What Does Trial Pit Mean?
A trial pit can be defined as pits excavated at regular intervals along the proposed pipeline installation route in order to extensively study the sub-surface strata. These pits are also used to recover bulk soil samples where necessary. These pits are excavated in the ground that can support itself temporarily.
Based on reconnaissance and data and map study, location for in-depth or intrusive site investigation using trial pits and boreholes can be selected.
Trenchlesspedia Explains Trial Pit
The selection for a trial pit should be such that a complete geologic sub-surface perspective can be obtained. At least three points should be selected at a spacing of 10-30 meters depending on site conditions and type of project. Commonly boreholes, probes and trial pits are used to undertake an in-depth investigation.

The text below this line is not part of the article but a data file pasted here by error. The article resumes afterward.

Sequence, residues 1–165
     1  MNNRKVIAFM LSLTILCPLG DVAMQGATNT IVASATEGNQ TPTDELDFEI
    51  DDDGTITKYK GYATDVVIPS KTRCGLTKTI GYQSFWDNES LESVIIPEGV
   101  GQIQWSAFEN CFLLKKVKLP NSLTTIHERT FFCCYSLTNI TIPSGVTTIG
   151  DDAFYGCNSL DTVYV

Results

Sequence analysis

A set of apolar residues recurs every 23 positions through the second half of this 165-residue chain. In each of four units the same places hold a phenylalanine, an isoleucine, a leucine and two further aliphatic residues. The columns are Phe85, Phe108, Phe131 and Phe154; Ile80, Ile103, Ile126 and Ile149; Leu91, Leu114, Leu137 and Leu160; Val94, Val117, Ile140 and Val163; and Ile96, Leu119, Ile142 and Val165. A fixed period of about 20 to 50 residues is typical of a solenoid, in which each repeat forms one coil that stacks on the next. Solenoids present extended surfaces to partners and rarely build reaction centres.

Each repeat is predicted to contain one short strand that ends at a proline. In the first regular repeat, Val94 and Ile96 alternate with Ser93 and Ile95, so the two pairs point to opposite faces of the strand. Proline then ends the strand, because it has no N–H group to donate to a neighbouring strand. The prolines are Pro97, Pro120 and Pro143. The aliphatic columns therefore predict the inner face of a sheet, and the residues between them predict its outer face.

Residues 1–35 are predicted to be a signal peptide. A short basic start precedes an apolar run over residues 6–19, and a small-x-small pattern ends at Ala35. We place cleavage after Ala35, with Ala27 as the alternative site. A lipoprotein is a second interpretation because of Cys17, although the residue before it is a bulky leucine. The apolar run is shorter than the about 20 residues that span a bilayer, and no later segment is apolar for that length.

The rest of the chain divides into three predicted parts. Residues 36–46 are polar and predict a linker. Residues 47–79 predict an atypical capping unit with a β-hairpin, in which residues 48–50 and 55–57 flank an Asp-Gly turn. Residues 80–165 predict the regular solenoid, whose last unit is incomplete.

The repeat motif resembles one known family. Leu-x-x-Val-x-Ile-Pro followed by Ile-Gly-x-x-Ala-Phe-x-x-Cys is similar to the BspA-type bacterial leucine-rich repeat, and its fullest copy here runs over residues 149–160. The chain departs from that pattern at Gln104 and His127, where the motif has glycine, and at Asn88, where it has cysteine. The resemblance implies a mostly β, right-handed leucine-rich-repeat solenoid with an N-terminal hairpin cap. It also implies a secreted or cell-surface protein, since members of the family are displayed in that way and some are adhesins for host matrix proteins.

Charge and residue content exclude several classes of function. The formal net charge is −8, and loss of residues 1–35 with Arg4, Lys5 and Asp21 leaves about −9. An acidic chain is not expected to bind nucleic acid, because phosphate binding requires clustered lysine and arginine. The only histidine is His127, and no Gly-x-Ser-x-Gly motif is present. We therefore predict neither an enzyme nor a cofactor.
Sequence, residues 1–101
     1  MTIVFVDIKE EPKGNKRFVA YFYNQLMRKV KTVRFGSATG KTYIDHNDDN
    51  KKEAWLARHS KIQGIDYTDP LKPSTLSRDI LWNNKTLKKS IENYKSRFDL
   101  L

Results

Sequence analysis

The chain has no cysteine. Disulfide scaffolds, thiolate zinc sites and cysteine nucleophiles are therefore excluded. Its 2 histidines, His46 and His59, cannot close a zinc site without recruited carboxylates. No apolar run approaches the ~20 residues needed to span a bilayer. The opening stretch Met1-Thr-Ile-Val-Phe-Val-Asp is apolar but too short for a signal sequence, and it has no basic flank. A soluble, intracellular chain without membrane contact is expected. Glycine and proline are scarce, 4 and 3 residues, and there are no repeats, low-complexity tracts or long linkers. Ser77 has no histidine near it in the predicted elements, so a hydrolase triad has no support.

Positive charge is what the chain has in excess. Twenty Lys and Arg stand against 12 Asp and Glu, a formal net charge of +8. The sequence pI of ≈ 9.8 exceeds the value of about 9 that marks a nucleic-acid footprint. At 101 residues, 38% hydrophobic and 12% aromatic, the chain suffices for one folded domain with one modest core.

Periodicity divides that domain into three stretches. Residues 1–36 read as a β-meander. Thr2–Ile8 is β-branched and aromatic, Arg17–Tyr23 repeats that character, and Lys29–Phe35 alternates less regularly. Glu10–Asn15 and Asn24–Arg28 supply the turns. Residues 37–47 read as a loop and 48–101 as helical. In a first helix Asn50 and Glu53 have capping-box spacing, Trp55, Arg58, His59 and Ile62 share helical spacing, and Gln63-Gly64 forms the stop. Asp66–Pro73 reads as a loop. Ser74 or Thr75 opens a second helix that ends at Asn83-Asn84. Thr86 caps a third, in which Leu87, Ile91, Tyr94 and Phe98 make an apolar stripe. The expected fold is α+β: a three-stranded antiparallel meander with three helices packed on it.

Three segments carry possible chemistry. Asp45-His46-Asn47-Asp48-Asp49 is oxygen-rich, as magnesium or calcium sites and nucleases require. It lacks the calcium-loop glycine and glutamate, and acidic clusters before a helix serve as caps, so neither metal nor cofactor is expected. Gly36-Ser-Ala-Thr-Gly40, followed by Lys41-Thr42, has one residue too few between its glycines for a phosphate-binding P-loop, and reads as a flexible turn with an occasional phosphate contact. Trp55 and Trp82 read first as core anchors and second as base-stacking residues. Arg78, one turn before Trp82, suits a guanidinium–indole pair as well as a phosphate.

These pits are excavated in soils that can support themselves for the required time needed to conduct the investigation. In loose soil, shoring may be required. However; there is depth restriction in trial pits but the consequent area of ground that is disturbed is also quite large.
In environmentally sensitive locations, trial pits may not be permitted. The advantages are that it indicates vertical and lateral variations in the subsoil strata.